Finksburg gives board low grades

Commissioners said unresponsive to area

June 29, 2000|By May Gail Hare | May Gail Hare,SUN STAFF

If the Carroll County commissioners were in school in Finksburg, they would never graduate.

Finksburg Planning Area Council delivered a report card to the commissioners this week, giving the three-member board poor grades in 10 of 13 areas of government service. From billboards to zoning, the council awarded five Fs, five Ds and 3 Bs. The commissioners received no As or Cs.

"Our entire executive board worked on this score card," said Donald Hoffman, council president. "We had lively, active discussions and tried really hard not to be negative." He said the group might issue the report quarterly.

The categories focused on Finksburg, at the southern entry to the county along Routes 140 and 91, and on broader issues in Carroll affecting the community, such as schools, roads and planning.

With the grades, the council delivered a letter explaining the reasoning.

Commissioner Donald I. Dell said he could accept failing grades in some areas, but he argued the council misunderstands county government.

"I would give the Finksburg group an F in general," said Dell. "They just don't have the facts."

The council, which has complained repeatedly that the county is not responsive to the needs of the nearly 18,000 Finksburg residents, gave the commissioners Fs on open government, zoning, environment, the master plan and on water resource management.

Hoffman said residents feel cut off from the commissioners.

"There are no evening sessions, nothing to make government available to the working public and too many closed sessions," said Hoffman. "Even the newest version of the master plan is not what is on the Internet. There is not enough to foster openness, and citizens are excluded."

After two years of work by volunteers and county staff, the commissioners recently returned their version of the master plan to the planning commission. They stripped many of the strategies from the plan, which is undergoing its first major revision in nearly 30 years.

The county's zoning administrator job is vacant, and it has not hired a permanent planner for the Finksburg area since the job became vacant more than 18 months ago.

Commissioner Julia Walsh Gouge said yesterday she was not offended by the score card. While the county strives for openness, it cannot cram daily business into evening sessions, she said.

"They are saying a lot of the things I have said," she said. "They are on target with a lot of things the county is lax in."

Commissioner Robin Bartlett Frazier grew up in Finksburg and said she "has a better understanding of the area than residents might think." She welcomed the information, adding, "It is good to hear their input and see where we might improve."

Dell, a lifelong farmer who said he has practiced agricultural conservation, took offense at a poor grade on the environment but did not argue with an F on the longstanding watershed agreement with Baltimore and the metropolitan counties. Dell has refused to sign the document because he contends it infringes on the county's ability to plan its growth.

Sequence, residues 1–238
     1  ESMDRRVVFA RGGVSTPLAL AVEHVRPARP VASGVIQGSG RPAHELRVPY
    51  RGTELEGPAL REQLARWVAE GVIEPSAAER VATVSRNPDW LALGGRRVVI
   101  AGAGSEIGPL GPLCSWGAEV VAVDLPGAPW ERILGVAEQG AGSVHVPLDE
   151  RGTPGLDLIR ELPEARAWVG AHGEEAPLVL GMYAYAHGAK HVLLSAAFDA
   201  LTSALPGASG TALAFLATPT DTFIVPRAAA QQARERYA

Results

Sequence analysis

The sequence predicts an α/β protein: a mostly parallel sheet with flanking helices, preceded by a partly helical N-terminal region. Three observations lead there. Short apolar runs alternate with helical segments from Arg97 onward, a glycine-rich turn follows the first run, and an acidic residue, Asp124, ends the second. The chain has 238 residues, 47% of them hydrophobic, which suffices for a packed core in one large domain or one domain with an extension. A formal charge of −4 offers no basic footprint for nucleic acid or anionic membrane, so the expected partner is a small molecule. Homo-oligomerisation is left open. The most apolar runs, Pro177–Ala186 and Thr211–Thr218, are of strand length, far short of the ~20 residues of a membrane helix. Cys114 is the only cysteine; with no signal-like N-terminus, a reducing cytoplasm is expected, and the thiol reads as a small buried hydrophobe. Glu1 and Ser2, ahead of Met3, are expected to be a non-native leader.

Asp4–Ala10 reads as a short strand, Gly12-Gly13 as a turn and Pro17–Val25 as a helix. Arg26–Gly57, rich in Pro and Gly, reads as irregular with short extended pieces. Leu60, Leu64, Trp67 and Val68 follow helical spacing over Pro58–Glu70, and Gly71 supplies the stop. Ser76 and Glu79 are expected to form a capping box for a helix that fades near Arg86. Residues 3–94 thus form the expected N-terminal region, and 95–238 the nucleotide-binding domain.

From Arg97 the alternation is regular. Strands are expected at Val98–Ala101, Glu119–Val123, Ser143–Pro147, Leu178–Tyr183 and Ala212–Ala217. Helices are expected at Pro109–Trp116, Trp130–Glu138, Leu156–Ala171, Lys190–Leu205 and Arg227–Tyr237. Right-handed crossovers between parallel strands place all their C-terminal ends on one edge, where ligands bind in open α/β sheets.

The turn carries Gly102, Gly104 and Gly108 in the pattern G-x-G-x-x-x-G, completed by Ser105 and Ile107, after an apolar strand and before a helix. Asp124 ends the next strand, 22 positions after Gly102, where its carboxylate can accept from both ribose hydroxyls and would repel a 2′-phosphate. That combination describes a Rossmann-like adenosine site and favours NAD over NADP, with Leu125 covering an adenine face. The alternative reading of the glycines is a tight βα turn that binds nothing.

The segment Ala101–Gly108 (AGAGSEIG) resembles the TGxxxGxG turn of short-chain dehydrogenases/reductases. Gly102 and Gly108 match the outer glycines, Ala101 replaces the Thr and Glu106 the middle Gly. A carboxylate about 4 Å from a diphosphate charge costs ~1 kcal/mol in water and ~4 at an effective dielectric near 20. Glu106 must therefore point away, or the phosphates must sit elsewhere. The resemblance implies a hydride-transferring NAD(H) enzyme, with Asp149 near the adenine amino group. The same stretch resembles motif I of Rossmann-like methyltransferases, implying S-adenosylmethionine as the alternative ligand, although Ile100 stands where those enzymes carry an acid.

"The city has our water rights, and now it wants our zoning rights," said Dell. "I won't be coerced into signing the agreement, and I would call that effort an A."

Gouge said she is concerned that the board is overlooking environmental issues. She fears a longtime landscape ordinance might be scrapped.

The commissioners earned Ds in responsiveness, growth management, schools, a proposed Finksburg library, and road signs.

Residents have pushed consistently for a library, which would be a sixth branch in the county's system. Dell and Gouge have supported a Finksburg library, but the project has not received funding.

Billboards are a particularly onerous issue to residents who consider themselves the county's gateway community. The council sent the commissioners a video on billboards more than a year ago and asked for interviews with the commissioners about the signs.

"To the best of our knowledge, not a single commissioner has viewed the tape, and they have not given us an interview," said Hoffman.

The commissioners received B's on roads, land preservation and parks.

"Basically, Finksburg is not a priority for these commissioners," said Dave O'Callaghan, who founded the citizens group four years ago and served two terms as president. "We are here, and we are not disappearing. We would like them to help us out."

Dell was concerned about the adverse impact publicizing the score card would have on the community. "This can be disruptive to the community, if people believe it," he said. "It is certainly not positive for the future benefit of Carroll County."

The council hoped to win the commissioners' attention, which letter writing and phone calls have failed to do, said Hoffman. "I hope they would use this for self-reflection and self-improvement and take it as an objective evaluation," said Hoffman. "We never intended to be acrimonious."

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